Social media stress

Social Media Stress

I’m sure you’ve all heard that social media can cause depression; it forces you to see everything that’s going right in people’s lives while your life might seem to be going wrong.

Then there’s cyber-bullying… I’m just glad social media was in its infancy during my middle school years.

And let’s not forget about social media on mobile devices. You know, the whole, “everyone’s on Facebook when they should be focusing on driving or crossing the street” thing. Have you seen the video of the woman jumping onto a train track to get her phone? She nearly dies, but at least she can tweet about it before she gets home.

In short, social media can be bad for your health.

So how’s it affecting mine? One word: stress.

Social media is no longer truly social. At least not for those of us out there seeking a career in media or marketing. Sites like Facebook, Twitter and Instagram are increasingly becoming extensions of our resumes, so we better be putting good vibes out there. Don’t believe me? Check out this snippet from Careerealism:

According to the 2012 Global Hiring Survey from the global professional association, Career Directors International (CDI), when reviewing a candidate, 58% of hiring authorities search the Internet for information at least sometimes; only 14% never check it.

I’m not stressed about making interactions on my social media sites job appropriate. That’s not even something we worry about anymore; by now Millennials have this self branding thing down.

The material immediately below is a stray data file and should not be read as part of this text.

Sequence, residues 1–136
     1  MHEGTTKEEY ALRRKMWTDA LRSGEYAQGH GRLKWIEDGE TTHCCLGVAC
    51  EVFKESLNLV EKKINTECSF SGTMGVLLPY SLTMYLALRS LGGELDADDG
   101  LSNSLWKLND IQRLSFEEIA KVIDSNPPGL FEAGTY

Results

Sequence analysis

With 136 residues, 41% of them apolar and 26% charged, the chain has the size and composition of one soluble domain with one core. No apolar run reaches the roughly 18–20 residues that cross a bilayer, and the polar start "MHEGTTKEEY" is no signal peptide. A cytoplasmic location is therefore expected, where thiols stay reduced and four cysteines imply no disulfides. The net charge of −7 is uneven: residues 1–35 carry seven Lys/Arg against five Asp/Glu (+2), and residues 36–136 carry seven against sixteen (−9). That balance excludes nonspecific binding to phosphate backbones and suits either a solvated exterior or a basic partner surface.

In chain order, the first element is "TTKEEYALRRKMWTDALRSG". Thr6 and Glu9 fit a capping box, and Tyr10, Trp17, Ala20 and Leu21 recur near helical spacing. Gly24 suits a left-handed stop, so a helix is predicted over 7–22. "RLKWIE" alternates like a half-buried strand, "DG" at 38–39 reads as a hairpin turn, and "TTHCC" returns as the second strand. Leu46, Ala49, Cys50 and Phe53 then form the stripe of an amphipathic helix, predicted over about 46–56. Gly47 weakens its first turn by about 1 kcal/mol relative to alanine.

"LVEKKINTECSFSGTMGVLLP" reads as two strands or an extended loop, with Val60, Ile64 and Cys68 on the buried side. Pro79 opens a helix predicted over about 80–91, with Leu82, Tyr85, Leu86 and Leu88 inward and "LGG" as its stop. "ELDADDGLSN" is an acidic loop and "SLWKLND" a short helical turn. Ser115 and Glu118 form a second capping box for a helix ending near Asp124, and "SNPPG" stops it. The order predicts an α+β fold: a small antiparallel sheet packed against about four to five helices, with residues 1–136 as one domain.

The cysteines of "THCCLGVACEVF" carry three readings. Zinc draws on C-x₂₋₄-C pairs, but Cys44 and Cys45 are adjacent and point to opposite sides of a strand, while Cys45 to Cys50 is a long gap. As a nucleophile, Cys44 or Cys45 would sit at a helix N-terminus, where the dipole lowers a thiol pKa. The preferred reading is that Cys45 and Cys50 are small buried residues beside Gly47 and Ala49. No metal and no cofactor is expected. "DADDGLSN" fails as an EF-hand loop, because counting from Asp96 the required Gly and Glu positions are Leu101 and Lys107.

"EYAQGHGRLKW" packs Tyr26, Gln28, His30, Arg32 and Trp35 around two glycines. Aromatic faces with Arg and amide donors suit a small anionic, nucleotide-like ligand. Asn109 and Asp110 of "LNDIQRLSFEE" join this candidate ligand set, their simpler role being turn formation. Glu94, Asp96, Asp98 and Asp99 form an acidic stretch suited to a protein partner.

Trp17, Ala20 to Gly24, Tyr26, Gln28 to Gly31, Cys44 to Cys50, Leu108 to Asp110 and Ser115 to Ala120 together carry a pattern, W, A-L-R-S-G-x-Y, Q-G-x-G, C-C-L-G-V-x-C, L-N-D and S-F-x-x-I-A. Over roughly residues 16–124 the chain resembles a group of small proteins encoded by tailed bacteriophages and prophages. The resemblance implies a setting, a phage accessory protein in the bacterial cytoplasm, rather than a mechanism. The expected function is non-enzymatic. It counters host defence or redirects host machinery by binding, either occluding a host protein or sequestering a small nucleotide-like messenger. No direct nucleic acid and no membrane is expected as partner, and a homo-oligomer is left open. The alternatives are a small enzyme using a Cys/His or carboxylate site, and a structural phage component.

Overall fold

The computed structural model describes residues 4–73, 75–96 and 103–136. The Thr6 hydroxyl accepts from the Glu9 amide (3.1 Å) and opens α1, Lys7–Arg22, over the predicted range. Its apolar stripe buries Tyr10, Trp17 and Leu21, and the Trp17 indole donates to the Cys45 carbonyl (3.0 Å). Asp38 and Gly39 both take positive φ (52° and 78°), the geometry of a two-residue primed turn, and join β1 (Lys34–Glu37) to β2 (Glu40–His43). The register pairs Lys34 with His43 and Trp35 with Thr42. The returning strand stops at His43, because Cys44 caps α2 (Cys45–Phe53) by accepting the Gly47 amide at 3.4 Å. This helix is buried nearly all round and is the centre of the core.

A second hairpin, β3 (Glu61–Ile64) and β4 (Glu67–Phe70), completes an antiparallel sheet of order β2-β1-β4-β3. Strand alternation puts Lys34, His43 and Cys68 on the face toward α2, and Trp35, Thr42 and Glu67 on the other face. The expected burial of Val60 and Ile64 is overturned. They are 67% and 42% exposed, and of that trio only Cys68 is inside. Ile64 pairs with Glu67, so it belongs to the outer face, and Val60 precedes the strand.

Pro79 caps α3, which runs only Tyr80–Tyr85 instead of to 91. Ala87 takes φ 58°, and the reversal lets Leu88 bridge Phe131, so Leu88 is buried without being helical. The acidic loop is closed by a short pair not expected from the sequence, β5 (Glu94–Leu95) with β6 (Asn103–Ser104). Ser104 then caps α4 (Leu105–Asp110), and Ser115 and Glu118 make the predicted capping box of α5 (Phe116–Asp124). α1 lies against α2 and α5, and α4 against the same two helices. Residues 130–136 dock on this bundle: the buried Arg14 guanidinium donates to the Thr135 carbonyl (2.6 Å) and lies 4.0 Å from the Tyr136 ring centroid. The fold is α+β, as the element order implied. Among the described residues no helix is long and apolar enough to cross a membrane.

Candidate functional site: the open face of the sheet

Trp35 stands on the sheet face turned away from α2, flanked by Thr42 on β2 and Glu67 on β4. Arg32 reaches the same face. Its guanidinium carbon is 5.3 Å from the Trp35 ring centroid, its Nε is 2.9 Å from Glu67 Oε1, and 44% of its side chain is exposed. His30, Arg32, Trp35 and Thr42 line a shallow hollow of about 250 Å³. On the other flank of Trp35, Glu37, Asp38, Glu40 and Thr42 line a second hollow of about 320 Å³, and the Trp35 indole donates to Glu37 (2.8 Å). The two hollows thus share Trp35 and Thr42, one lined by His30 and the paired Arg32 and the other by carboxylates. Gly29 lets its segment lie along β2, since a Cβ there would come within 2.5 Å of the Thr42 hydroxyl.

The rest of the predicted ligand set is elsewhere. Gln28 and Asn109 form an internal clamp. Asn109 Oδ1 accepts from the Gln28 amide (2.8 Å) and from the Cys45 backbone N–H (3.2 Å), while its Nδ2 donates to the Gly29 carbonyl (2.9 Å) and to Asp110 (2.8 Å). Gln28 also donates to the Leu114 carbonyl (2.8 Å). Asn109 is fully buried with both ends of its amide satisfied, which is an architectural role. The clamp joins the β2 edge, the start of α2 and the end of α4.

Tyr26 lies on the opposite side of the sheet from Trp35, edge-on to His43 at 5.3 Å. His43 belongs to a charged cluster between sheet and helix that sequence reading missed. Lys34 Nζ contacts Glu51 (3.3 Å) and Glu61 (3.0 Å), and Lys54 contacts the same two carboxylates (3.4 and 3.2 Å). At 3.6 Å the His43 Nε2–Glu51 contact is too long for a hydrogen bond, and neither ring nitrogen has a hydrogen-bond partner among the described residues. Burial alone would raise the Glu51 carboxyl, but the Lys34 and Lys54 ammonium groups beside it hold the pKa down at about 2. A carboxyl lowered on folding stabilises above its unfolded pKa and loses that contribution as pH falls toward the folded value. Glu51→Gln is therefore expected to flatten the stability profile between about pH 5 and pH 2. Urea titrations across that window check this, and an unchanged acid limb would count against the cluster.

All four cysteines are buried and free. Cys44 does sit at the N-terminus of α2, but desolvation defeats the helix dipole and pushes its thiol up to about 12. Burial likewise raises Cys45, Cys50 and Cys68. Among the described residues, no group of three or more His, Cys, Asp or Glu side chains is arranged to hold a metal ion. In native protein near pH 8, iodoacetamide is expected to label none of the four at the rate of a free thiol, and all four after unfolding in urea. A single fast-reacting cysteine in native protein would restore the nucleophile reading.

The thing that’s stressing me out is maintaining a strong presence. If you’re looking for a job in social media and don’t live on social media sites, you’re basically a walking contradiction.

Some of you may laugh at me and say, “Wow, how hard is it to write a tweet or snap a photo for Instagram a few times a day?” But putting your personal life out there for the world to see doesn’t come as naturally to some as it does to others.

I was the kid at the party who barely said anything. I would listen, observe and just wait for my moment. Then, when the timing was right, I would say something so perfectly witty that everyone would think I was cool even if I didn’t speak the rest of the night.

But it doesn’t work that way with social media. If you want a lot of followers, you better be saying a lot. And if you want a good job, you better have followers.

Now I understand that you don’t always have to post about your life; most posts are pictures of cats or interesting articles that people stumble upon. That’s cool, but I don’t want to spend my life on the Internet. At work I sit and stare at a screen all day. Then I come home just to do the same thing. It’s ridiculous.

Don’t you ever want to completely unplug yourself and just LIVE?!?

Well if you want a job, you can’t. Go on LinkedIn and ask for recommendations. Then read 20 thought-provoking articles and tweet about them. Now get on Instagram and upload those photos of yourself volunteering. Don’t forget about Pinterest! Create a portfolio board, and make sure you keep it up to date. Now scurry over to Facebook and create a post promoting your blog. Do the same thing on Google+. While you’re at it, don’t forget to read what other people and businesses are saying! And be sure to watch out for up-and-coming sites; you might have to create a new portfolio soon. Let’s hustle, people! Are you even trying to get hired?

Between keeping up with our social media sites, actually applying to jobs and, oh yes, working one or several jobs, how are we supposed to find time to do anything else? Every now and then I’d like the sun to shine on my face instead of the glow of a laptop. And maybe it’d be nice to have an actual social life instead of just a virtual one. Who’da thunk?